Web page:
By Diana Diamond
All those things our city does – and doesn’t -- doUploaded: Apr 16, 2019
I call this my potpourri blog because lots of good and bad things are happening in Palo Alto and I want your reactions to some of these issues. For example:
• Palo Alto City Manager Ed Shikada is asking the city council to award SEIU union members raises -- 580 employees a 3.5% raise on Dec. 1 and a 3% raise on Dec. 1, 2020, while requiring them to add an additional 1% of their salaries toward the "employer paid" portion of pension contributions. But wait, the Utilities Department will get even higher increases, soaring up to a max of 23.5% over three years. That’s a whopping increase. – a total of $13.6 million in pay and benefits over three y ears. Shikada said it’s because the Utilities Department has 23 vacancies that are hard to fill and higher salaries will attract more potential employees. He blamed the escalating housing prices, which may be a factor, but not the only one.. Yet according to the Social Security Administration, the cost of living in 2019 went up 2.8 percent, the largest cost-of-living adjustment (COLA) in SEVEN years. City employees have routinely been getting raises, far higher than cost-of-living hikes. The city’s generosity is a bit perplexing. Is there any data to show that higher salaries will automatically attract more employees? Are the former employees who left the city asked why they are departing? Do we need 23 new replacements? Why didn’t the council get more involved in the decision? The SEIU did, and has already approved of the raises. Why is this salary increase on the April 22 council consent agenda (automatic approval section of the meeting) when it should be discussed? City managers want to treat their employees as best as possible, but it’s the council’s job is to control costs.
• How can I criticize a city tree? One of the things I love about Palo Alto are the tree-lined streets – although city trees are planted closer together on the north side of town than south of Oregon, so the north has more leafy coverage. I happen to have a liquidambar in front of my house, as do many streets in the area. The tree is a nuisance. It’s a conical rather than an umbrella shape, which means unlike a sycamore and other city trees, the tree limbs do not stretch over the streets and liquidambras provide much less shade. The biggest nuisance is the tree keeps on dropping pollen and pods on the ground all the time: “Inconspicuous chartreuse-colored spring flowers are followed by 1-1 ½” round spiky seed pods that persist through fall,” the nursery said. These hard pods drop on sidewalks and make walking hazardous – easy to twist one’s ankle. The official name is “liquidambar styraciflua – Palo Alto,” and from what I’ve heard, the city official who chose this tree thought it would be cute to have a tree named “Palo Alto.” Fun for him, but the rest of us have to sweep our sidewalks all the time to prevent people from falling. The liquidambars have beautiful fall colors, but for me that doesn’t outweigh the pod problem.. BTW, magnolia trees, another city favorite, are not much better. Their surface-spreading roots make it almost impossible to plant a decent front landscape.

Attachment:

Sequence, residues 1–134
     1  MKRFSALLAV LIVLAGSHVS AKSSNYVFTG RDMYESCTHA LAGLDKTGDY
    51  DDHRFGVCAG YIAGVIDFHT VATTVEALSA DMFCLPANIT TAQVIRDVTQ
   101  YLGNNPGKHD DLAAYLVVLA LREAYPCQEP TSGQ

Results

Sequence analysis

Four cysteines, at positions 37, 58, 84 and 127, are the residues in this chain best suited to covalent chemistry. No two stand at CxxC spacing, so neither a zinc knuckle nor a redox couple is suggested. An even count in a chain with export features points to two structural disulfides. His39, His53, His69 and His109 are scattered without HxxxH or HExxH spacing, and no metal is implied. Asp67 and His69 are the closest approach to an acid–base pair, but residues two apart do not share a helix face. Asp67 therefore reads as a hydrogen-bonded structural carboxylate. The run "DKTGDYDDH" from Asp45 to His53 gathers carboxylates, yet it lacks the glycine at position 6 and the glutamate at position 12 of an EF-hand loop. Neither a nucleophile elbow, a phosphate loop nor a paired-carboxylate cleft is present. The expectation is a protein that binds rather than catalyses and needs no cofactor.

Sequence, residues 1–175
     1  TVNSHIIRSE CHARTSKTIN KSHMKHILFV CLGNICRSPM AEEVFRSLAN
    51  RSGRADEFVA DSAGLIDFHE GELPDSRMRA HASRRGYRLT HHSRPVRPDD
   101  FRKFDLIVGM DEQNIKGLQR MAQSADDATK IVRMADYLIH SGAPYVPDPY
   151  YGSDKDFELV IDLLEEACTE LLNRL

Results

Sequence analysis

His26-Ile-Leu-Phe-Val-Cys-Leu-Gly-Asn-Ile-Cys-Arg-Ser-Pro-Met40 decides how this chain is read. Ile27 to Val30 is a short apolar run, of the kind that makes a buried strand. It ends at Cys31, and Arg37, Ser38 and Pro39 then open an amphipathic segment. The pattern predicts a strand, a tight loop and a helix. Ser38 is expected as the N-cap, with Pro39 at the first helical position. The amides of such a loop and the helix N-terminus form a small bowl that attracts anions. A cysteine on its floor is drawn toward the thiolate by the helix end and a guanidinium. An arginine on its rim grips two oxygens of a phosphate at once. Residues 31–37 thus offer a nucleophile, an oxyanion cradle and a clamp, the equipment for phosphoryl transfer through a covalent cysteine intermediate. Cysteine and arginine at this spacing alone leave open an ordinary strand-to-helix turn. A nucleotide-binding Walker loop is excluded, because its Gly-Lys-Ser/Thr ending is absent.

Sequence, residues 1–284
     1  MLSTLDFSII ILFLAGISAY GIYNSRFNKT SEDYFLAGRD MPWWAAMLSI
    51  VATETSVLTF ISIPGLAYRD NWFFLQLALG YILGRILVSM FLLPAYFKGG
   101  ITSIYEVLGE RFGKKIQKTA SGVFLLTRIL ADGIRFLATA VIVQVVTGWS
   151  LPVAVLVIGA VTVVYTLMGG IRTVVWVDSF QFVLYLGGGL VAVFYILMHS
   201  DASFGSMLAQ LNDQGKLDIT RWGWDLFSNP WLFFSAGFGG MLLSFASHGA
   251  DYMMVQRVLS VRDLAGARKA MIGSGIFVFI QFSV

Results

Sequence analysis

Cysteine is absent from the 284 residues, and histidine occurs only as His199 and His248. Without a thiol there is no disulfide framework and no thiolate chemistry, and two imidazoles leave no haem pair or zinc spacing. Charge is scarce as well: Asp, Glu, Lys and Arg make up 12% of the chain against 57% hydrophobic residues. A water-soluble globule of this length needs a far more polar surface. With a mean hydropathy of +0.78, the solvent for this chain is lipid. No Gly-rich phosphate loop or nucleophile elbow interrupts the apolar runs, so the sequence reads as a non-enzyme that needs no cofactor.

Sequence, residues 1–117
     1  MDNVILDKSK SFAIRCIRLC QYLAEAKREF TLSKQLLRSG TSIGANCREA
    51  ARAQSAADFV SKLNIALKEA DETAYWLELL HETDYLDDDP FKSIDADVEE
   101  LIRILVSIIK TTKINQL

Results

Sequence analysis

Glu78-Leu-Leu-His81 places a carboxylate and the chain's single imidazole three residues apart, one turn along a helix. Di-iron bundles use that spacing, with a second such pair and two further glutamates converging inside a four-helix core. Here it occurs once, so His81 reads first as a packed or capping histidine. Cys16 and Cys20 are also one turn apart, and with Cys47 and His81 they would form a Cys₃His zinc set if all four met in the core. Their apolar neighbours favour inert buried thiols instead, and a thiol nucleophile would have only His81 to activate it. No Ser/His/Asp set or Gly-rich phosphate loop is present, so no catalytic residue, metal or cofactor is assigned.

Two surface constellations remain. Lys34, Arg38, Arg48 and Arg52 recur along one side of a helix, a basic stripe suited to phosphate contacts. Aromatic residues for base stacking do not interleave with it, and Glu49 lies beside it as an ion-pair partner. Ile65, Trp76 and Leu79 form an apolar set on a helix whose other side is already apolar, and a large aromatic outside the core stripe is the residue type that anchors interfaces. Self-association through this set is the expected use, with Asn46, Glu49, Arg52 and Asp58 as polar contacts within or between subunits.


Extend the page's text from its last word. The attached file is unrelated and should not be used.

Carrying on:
• About five years ago the city council decided it would be a good idea to put electric sensor signs at the entrance to public garages to tell drivers how many spaces are currently available in the garage. San Jose has had these signs in place for years, and they are wonderful. But so far, not a trace of them here. Instead, the city is hiring a firm to provide a valet parking in some city garages. But weren’t the signs easier and cheaper? Why don’t we have them yet?
• And speaking of delays, it has been 10 years since the traffic flow problems erupted on Embarcadero Road and El Camino Real. The two traffic signals yards apart on Embarcadero are still not coordinated, and trying to make a left-hand turn from southbound El Camino onto Embarcadero sometimes takes three traffic signal cycles. Back in 2010 there was an effort to find a “solution” to this intersection problem. I am still waiting.
• One of the literary treasures in Palo Alto is the Friends of the Library monthly sales (second Saturdays and Sundays) of donated books from residents. There are thousands of books there, displayed in a logical order and selling at very reasonable prices (e.g., paperbacks at 50 cents, some hardcover books at $1.50). It’s a jewel of a place located in the far right backside of the Cubberley campus at 400 Middlefield Road.